Jodie Sweetin describes her fall and rise from addiction


As Jodie Sweetin, child star of the popular 1987-95 television hit “Full House,” approached the podium Tuesday night, she took a picture of the crowd.            

Jodie Sweetin“I’m going to take a picture of you guys for my Twitter page,” she said.

An eager crowd of approximately 500 in the Givens Performing Arts Center of UNC Pembroke were drawn into the heart-tugging story of a child star gone bad. 

“My life has not been a perfect ‘Full House’ episode,” she said.

 Sweetin, famous for her one-liner “How Rude!” began her story with the reminder that experience, strength and hope brought her here today.

Now 28, Jodie Sweetin was born to an alcoholic mother and a drug addicted father and was adopted soon after birth. As a child, she never felt accepted in many ways, she said.

 A bubbly attention getter, Sweetin loved to perform. At the tender age of four, she had already appeared in a variety of advertisements including an Oscar Meyer commercial.

Joining the cast of “Full House” at the age of five, Sweetin said she was “a person who was in the right place at the right time.” With her career gaining momentum, she said school became an issue for her.

The attitudes and treatment she received from her peers due to her new-found fame made it difficult for her to enjoy her youthful years as a student. To add insult to injury, her pre-teen years took a turn when “Full House” was canceled.

Because of her constant struggle with acceptance, the show’s cancellation made matters worse. 

“I wanted to go into a room and blend into a wall,” she said. “I was looking for something, a key that would make me okay.”

At the age of 13, and after eight years of “Full House, she arrived at a “quarter-life crisis.”

“When the show ended, I was faced with a crossroad of what to do,” she said. “I never felt right in my skin.”

Jodie SweetinSweetin described her introduction to alcohol at age 13 and her early struggles with drug and alcohol addiction. She described her first taste of alcohol as a “moment of clarity that was the release I needed.”

Sweetin said she “blacked out” during her first drinking experience.

“I have always been a black-out drinker who always wanted to drink to oblivion,” she continued.

“Constantly looking for the next high,” Sweetin experimented with marijuana at 15. Her adventures of drinking and smoking marijuana before, during and after school slowly began to destroy her family relationships, she said.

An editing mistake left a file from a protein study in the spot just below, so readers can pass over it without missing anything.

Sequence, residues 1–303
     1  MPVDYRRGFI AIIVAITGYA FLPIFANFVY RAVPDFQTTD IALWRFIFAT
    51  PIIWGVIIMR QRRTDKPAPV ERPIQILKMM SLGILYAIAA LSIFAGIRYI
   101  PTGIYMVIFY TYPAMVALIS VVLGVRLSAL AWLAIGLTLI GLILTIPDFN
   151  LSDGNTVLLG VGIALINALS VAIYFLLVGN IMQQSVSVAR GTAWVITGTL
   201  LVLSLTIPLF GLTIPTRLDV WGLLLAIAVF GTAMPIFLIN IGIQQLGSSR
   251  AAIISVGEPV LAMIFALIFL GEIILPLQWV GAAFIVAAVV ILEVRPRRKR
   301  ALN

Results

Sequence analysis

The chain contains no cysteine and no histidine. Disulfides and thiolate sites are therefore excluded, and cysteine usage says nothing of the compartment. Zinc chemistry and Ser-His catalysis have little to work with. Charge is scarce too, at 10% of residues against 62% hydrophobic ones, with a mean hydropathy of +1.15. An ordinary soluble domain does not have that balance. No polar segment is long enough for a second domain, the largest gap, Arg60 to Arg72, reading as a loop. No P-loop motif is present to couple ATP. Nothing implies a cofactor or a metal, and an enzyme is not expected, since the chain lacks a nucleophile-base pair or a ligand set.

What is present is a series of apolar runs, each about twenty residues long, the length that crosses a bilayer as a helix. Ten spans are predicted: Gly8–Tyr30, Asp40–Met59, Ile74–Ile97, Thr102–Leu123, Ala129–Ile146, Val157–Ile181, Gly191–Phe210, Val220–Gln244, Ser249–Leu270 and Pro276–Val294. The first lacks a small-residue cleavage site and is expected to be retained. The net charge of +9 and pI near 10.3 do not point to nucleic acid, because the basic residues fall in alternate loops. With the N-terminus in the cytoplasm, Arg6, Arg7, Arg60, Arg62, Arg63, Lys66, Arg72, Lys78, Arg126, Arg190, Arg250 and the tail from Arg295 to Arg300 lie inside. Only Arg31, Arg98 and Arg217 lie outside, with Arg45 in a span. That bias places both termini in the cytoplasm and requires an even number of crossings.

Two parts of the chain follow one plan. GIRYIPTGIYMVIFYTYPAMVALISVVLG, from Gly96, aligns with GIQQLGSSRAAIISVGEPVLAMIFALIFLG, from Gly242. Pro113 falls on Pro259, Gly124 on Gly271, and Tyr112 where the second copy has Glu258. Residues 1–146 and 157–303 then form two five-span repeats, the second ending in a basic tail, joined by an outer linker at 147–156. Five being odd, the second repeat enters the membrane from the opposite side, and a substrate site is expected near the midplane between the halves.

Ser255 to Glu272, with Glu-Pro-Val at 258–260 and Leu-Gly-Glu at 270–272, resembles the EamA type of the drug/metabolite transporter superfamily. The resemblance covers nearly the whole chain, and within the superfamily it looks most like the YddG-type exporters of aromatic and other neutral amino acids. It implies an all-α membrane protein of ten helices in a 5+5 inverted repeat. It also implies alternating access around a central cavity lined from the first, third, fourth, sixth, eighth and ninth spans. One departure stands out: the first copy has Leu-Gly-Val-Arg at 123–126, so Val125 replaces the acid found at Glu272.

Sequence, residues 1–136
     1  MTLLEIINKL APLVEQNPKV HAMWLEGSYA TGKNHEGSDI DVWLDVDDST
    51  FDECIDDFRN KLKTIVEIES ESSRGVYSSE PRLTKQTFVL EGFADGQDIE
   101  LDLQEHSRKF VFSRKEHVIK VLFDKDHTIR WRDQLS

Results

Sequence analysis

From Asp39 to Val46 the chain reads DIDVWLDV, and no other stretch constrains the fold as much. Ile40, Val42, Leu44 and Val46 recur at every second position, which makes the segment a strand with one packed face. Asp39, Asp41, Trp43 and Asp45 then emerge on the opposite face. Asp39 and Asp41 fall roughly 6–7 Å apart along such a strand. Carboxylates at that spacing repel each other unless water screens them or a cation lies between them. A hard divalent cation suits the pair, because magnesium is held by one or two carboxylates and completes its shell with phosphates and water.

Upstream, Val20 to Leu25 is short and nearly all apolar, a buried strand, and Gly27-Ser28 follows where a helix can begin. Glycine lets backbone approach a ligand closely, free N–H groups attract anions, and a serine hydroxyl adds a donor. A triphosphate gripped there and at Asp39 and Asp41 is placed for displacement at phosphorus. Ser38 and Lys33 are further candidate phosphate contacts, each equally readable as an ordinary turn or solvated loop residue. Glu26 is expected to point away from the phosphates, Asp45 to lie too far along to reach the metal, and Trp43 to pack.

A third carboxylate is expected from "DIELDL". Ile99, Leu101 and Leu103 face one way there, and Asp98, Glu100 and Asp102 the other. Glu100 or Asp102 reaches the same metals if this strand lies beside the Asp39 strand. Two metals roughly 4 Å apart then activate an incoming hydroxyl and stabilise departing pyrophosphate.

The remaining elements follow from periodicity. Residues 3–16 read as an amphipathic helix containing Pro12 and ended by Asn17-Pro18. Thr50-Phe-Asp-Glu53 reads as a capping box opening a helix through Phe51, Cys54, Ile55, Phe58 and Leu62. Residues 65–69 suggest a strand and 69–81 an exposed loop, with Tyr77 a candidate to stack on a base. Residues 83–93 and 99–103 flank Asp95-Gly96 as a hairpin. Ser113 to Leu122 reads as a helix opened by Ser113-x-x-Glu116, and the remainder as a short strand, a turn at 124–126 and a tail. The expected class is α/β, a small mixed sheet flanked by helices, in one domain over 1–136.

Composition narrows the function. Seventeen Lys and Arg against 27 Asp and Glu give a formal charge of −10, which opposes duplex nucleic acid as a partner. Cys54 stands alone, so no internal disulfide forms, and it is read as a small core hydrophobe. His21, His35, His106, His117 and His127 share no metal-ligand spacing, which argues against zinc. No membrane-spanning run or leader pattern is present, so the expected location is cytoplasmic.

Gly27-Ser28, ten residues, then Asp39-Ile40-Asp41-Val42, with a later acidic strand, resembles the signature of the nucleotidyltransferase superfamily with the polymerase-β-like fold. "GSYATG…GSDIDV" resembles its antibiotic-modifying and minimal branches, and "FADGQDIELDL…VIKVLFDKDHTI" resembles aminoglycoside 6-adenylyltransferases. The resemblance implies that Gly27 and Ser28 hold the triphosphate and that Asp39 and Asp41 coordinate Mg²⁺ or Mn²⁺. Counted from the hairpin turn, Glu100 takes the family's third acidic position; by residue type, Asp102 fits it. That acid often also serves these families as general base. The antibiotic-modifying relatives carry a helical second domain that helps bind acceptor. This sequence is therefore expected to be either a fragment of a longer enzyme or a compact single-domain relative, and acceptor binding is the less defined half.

Sweetin painted a picture of her downward spiral as a first-year college student. She began cutting herself and gravitating toward heavier drugs, including cocaine and ecstasy. 

“My favorite activity while drinking was driving,” she said.

After many wake up calls, she began to regain control of her life by trading drinking for smoking. Sweetin said she “didn’t know if she would make it.”

As matters got worse, Sweetin said she experienced a breakdown, leaving school to return home with her parents and boyfriend to try and make a change. Her attempts to clean up were like “a band aid on a big gaping wound,” she said.

At 21, she became engaged. She stopped drinking and using drugs and returned to school, graduated and married.

She began drinking again on a moderate level and spending time with friends who used crystal methamphetamine. Sweetin began experimenting with the drug.

“Soon, I found myself using every day and living a double life,” she said. “Acting to keep my husband and parents from knowing about it, I did this for two years. I acted as two different people.”

In a dark moment, Sweetin ended a night of partying in a hospital with alcohol poisoning and severe heart arrhythmia. Her double life came crashing down.

Jodie Sweetin“I was a raw bundle of nerves and had to learn how to live again,” she said.

Entering rehab again and relapsing again, Sweetin described the end of her marriage and the realization that she needed help. She said spending Thanksgiving in rehab was a low point.

As time passed, her new-found sobriety didn’t last. She partied hard and had little contact with family and friends.

Sweetin married again in 2007, and during the early months of her marriage, she said “finding out I was pregnant brought everything to a screeching halt.”

After her daughter was born, Sweetin started drinking again and “things got really ugly - not pretty, not fun.”

Going back to rehab in September 2008, Sweetin said her wake up call was the realization that she had become just like her biological parents.

“It was an uncomfortable feeling,” she admitted.

Now 16 months sober, Sweetin works “to try and be an example for others.”

“I’m good with me today,” she said. “I have made some mistakes. I’m not perfect. I wrote those mistakes down in a book, and it’s not so scary anymore.”

Several students shared their thoughts on Sweetin’s story.

Senior broadcasting major Cassi Vinson said: “I felt this was very insightful. She made college students get serious and rethink drug and alcohol usage. Many people could relate to her.”

Kyra Lowry, a sophomore psychology major, said: “Jodie Sweetin was inspirational. She gave hope and offered understanding for those who are enduring struggles in life.”             Junior art major Corey Howard said: “I thought her response was genuine. I appreciated her passion and honesty.”   Jordan Young, a junior business management major, said: “I was speechless, I grew up watching her on TV. You could really tell she was sincere about her life story.”

Sweetin appeared at UNCP as the last installment of the 2009-10 Distinguished Speaker Series.

Justin Walker is a senior mass communication major at UNCP.